Raise your hand if you were just rejected by the NSF! Fun times, right? I don’t know about you, but I like to celebrate such occasions with a full re-evaluation of all of my life choices. So of course, I am currently wondering whether I should stay in academic math. It’s a question I have been asked and I have asked myself way more often than my more successful or more white-male-type colleagues have (as far as I can tell). When you don’t fit in, whenever there is some sort of friction, suddenly you have to justify your continued presence.
I wasn’t always wondering if I should do math. In fact, I loved math and was comfortable being associated with math for my entire childhood. College was the first time I hit a set-back. I immediately quit math and moved on with my life. That is, until I un-quit and decided to go to graduate school. Ever since then, I have had two strong and conflicting feelings about being in math.
As many of us look forward to the sense of community at the Joint Meetings this week, we should remember that conferences include many situations that are fraught with the danger of harassment and alienation, especially for people in our community with less power or privilege. We can be better.
This short post was inspired by the attention that has recently publicized harassment and marginalization issues at Political Science, Psychology, and other disciplinary conferences. Below, you will find list of articles, ranging from first-person narratives to survey research to suggestions for code-of-conduct policies. Because the articles below are from other disciplines, I thought I would share three short anecdotes that I have observed at math conferences to help connect with these articles.
Last week, Bates hosted speaker Susan Burch, from Middlebury College, for a workshop called “Learning for EveryBody: Inclusive Teaching and Curricular Practices”. I was lucky enough to be able to participate in the interactive session and later have dinner with the speaker, and in this post, I wanted to first share some of the main ideas from the workshop, and also some of my own ideas on how this could be applied to the mathematics classroom.
A few weeks ago I attended the 2017 Field of Dreams conference. This is the annual gathering of Scholars and Mentors of the Math Alliance. I wasn’t really aware of this group until about a year ago, when I heard about it from Edray Goins. Even then, I don’t think I understood the reach and the power of the alliance until I attended the conference. With this post, I hope to bring more attention to the important work being done by the Math Alliance and their sponsors.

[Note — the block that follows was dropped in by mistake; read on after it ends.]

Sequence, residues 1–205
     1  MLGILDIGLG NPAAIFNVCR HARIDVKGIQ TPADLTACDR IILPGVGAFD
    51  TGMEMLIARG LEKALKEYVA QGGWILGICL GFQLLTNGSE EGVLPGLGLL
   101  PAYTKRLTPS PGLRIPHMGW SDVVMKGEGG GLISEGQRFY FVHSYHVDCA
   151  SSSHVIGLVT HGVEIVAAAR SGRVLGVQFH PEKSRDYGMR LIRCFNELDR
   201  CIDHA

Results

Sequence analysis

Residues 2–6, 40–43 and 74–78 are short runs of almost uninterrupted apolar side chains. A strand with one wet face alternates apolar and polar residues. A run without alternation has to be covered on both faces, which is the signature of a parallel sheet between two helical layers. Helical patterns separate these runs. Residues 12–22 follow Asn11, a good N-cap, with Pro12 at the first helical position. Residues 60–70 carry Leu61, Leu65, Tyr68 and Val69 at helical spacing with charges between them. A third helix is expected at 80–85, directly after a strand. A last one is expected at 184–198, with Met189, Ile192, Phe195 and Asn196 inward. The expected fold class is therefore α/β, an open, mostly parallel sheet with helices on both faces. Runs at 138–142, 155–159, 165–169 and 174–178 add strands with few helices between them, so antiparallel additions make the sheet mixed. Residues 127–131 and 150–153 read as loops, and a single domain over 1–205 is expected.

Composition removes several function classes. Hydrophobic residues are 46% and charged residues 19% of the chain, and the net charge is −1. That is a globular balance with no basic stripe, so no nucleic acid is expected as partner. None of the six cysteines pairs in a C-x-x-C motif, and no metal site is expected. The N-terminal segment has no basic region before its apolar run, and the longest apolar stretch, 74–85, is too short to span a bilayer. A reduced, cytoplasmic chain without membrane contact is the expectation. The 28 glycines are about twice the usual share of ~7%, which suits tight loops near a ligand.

This keeps happening to me:
Student: When did you decide to become a calculus teacher?
Me: I didn’t, and I’m not.
And then I laugh reassuringly and explain that they are at a research university and that their professors are people who decided they wanted to do research. Many of us do also enjoy and care about teaching, but the way the system works we are basically discouraged from caring too much about teaching. I tell them that the idea is that those doing cutting-edge research in a field are inherently valuable as mentors, role models, and educators simply because we might have the ideas, perseverance, and dedication to make it in academia. Of course, this is a highly flawed philosophy. (Some of this was discussed in Edray’s post which you should read if you haven’t already.)
(Guest post by Emily Riehl.)
A few months ago, after our post for Pride month, the i/e editorial board reached out to Spectra to request a guest blog post. That led to the wonderful interview that follows, which was conducted during the Floer Homology and Homotopy Theory summer school, co-organized by Mike and at which Emily spoke, that was held at UCLA in July.
We are about halfway through Hispanic Heritage Month, which runs from September 15 to October 15. This means it is also time for the second edition of the Lathisms calendar, a website celebrating accomplishments by Hispanic and Latinx mathematicians. This website, aka the best thing ever, combines the inspirational power of seeing lots of Hispanic and Latinx success stories, with the excitement of an advent calendar. It always has me thinking: “who will be featured next?” and it’s always particularly exciting when it’s a person I know.
A snapshot of this year’s calendar. Who will be next? Check daily to find out.
The calendar is the brainchild of some pretty wonderful people: Alexander Diaz-Lopez, Pamela E. Harris, Alicia Prieto Langarica, and Gabriel Sosa — all of whom of course are too modest to include themselves in the list but definitely deserve a spot on it. Last year, after the inauguration of the calendar, Evelyn Lamb published a great interview with the creators of the website on the AMS Blog on Math Blogs.
But besides being inspirational and fun, this calendar is important. It matters that we can show SO MANY people who are doing mathematics at a high level and are also Hispanic/Latinx. It matters because I have had a place to point to when my Hispanic/Latinx students feel like they don’t belong in math. And it matters as a resource for people thinking about conferences and sessions.
On that note, I also wanted to remind people of the wonderful Mathematically Gifted and Black, an equally important, wonderful and fun calendar which was unveiled during Black History Month earlier this year.
I invite you all to check daily for the next mathematician and I leave you with some wise words from Federico Ardila (who was featured in last year’s calendar).